Winnipeg Free Press - PRINT EDITION

You can't break bad eating patterns, but you can modify them to your advantage

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Summer is approaching and for most people to feel good at the pool or the beach they usually need to drop a few (or more) pounds of body fat.

Consider this quote from the novelist Charles Reade: "Sow a thought and you reap an action; sow an action and you reap a habit; sow a habit and you reap a character; sow a character and you reap a destiny."

To apply this quote to health, fitness, and/or weight loss (fat loss) you simply replace the word "character" with "lifestyle," and the word "destiny" with "body." This is the fundamental truth that infomercials would love for us to forget.

The first step in changing your habits (which is how you change your body) is to actually understand them. "The Golden Rule of Habits," according to Charles Duhigg, the author of The Power of Habit, is that bad habits can't actually be changed. This is why willpower-focused attempts at lifestyle change will fail -- willpower only allows you to delay the running of a habit pattern that's hardwired in your brain. That delay costs a lot of mental energy, and when the stress elsewhere in your life picks up that's when your will becomes overwhelmed and the old habit comes back with a vengeance.

The good news is that this is not as depressing as it sounds. You can't break a habit, but you can modify your existing (and unbreakable) habits so that they work for you. Here's how:


1. First you need to understand the mechanics of your habits.

Habits are three-part pattern -- trigger, routine and reward. A common midsection-expanding and energy-sapping habit that people have is eating some sort of junk food at a certain time of the day.

If you ask people why they eat junk food they (erroneously) talk about what terrible people they are. However, if you ask "how do you do that?" you can get some very useful information like this:

They're so busy and focused at work that they don't realize they barely ate anything for lunch, and are getting really hungry. (Sometimes they will tell you they did eat enough for lunch, but a basic nutrition analysis will usually say they did not.) Because they're so intellectually involved with work their body's demands for food go unnoticed until they become intense cravings and the junk-food habit is run: go to the vending machine, go to the communal box of doughnuts. At the end of this habit is the reward -- physical relief from hunger and an (temporary) energy boost.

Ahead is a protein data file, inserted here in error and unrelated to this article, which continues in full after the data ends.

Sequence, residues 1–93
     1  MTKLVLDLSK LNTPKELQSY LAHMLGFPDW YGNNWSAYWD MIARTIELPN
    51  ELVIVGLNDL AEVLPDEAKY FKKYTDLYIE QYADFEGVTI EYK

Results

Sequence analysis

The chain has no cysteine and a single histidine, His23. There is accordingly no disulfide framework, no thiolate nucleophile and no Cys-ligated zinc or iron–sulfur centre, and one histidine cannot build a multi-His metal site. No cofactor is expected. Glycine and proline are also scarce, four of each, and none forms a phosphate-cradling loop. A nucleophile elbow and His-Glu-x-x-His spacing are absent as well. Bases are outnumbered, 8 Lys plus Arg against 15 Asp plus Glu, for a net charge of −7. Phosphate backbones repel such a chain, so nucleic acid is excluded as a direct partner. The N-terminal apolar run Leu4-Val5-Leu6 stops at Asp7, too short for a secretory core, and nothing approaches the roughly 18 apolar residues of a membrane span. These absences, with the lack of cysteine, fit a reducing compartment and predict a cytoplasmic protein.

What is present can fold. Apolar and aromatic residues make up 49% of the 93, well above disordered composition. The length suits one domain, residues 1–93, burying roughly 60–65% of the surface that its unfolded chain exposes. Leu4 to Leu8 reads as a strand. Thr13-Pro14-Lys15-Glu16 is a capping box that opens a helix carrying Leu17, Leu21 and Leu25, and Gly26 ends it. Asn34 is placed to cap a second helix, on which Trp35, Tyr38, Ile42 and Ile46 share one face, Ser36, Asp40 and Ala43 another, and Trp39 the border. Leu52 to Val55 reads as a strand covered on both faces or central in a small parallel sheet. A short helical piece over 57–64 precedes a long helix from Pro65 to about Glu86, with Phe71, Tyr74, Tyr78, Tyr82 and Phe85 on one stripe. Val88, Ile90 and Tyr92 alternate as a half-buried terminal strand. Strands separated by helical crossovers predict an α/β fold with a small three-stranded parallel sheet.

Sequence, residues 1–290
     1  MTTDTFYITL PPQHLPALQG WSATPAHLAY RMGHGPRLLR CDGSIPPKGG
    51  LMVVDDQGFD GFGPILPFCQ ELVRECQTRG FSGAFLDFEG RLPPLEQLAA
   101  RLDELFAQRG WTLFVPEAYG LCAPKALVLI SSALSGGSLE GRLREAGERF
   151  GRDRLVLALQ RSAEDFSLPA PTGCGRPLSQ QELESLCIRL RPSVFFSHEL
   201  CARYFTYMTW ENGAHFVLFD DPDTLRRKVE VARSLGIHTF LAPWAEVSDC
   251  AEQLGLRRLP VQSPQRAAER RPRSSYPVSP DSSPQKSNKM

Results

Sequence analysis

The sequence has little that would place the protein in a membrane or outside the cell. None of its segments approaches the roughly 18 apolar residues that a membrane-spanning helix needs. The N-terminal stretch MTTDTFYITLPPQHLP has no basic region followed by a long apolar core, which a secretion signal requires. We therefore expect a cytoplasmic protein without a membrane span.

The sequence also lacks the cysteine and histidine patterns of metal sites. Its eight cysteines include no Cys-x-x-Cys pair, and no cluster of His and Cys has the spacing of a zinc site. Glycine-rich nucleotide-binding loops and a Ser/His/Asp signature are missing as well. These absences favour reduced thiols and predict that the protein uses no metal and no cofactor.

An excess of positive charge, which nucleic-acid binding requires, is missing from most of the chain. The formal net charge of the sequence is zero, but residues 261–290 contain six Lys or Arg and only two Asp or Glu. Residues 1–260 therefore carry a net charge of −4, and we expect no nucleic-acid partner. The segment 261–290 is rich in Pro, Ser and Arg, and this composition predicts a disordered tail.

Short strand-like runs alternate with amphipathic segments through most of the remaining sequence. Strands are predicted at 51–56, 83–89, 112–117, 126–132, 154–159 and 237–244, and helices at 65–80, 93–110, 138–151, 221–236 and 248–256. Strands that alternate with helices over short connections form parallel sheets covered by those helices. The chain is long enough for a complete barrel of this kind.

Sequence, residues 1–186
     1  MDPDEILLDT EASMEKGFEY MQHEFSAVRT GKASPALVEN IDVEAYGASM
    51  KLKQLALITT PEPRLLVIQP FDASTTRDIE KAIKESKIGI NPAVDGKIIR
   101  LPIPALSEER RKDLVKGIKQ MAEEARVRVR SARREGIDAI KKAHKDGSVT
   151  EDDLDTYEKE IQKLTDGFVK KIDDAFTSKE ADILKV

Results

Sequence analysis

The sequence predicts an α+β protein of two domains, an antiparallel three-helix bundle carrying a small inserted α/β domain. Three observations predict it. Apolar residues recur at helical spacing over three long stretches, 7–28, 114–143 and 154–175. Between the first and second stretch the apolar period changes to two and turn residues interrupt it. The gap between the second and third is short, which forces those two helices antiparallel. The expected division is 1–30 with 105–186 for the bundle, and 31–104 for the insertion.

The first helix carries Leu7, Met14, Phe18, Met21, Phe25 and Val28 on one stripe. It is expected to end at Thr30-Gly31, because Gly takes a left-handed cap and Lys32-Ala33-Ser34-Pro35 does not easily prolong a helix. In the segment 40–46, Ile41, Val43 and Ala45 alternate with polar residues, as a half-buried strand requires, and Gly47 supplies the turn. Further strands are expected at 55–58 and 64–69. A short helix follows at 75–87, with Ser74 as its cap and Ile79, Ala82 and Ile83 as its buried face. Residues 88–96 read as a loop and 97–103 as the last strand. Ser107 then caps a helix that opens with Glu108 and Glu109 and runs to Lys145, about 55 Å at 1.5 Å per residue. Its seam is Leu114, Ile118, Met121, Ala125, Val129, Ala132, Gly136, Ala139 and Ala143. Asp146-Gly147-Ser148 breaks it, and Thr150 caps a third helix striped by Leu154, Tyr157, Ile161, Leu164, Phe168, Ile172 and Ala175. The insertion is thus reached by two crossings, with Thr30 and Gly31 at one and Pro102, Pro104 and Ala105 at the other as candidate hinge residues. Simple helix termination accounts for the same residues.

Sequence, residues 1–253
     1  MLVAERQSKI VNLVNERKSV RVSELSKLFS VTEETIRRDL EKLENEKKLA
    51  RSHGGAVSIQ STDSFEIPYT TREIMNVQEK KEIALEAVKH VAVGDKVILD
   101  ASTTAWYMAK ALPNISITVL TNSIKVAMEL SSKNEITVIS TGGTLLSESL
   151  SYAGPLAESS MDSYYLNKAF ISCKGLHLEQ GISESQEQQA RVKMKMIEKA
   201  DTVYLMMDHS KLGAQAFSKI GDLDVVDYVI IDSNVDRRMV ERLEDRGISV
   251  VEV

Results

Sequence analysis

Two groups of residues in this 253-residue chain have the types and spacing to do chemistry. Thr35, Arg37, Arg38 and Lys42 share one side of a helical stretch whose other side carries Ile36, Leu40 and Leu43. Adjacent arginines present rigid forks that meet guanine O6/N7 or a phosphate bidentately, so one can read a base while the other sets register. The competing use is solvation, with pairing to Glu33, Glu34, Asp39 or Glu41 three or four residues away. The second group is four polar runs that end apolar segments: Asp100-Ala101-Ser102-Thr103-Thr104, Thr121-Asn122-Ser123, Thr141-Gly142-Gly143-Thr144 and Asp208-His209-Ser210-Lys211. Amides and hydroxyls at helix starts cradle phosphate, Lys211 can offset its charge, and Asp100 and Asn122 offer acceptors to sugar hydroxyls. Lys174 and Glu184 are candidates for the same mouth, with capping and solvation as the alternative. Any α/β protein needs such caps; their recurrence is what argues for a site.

So here's the mechanics of that habit: Trigger -- hunger, routine -- eat junk food, and the reward -- relief from hunger and/or (temporary) energy boost.


2. Improve the routine:

So, "The Golden Rule of Habits" says we can't change the trigger or reward, but we can find a new routine that will yield the same reward. In this case this is pretty darn simple -- find a snack that is reasonably tasty and also congruent with your nutrition plan (no refined carbs, at least some protein, and hopefully some fat, too).


3. Repeat:

Repetition is how you condition the new habit. So, in the above example, when you are hungry at 3:30 p.m. (be aware that you are hungry), reach for the new snack -- cottage cheese and strawberries, hard-boiled eggs and celery, (or whatever) and be aware that you got the reward (Hey, I feel better -- more energy, not craving).


4. Systematize preparation:

If you have to leave work, walk to the grocery store and get your snack. This will never work more than once a month. Make it easy to do the right thing. Make a simple and fast way for you to always have your new snack(s) available to you at work. I am lazy about this stuff. So all I have is a bag of nuts in my desk that I replace every week or two, and also a bag of protein powder. When I am about to run out of nuts I put "nut for work" on my grocery list. That's about as complicated a system as I can manage. Don't come up with a system that requires lots of daily preparation time unless you have a ton of free time.


5. Use positive peer pressure:

Tell one of the supportive people in your life about what you are doing so you can have some extra accountability.

Every person I've worked with since 1998 who wanted to lose weight (fat) has some negative snacking habits to change, so use this to go to work on yours. It really pays off.

Josef Brandenburg is a Washington, D.C.-area certified fitness expert with 14 years of experience and co-author of the international bestselling book Results Fitness. In 2004, he started The Body You Want personal training fitness program, which specializes in weight loss and body transformations for busy people. Read more about The Body You Want at

-- McClatchy-Tribune News Service

Republished from the Winnipeg Free Press print edition May 25, 2013 D1


Updated on Monday, May 27, 2013 at 6:43 AM CDT: adds photo, formats text, adds link

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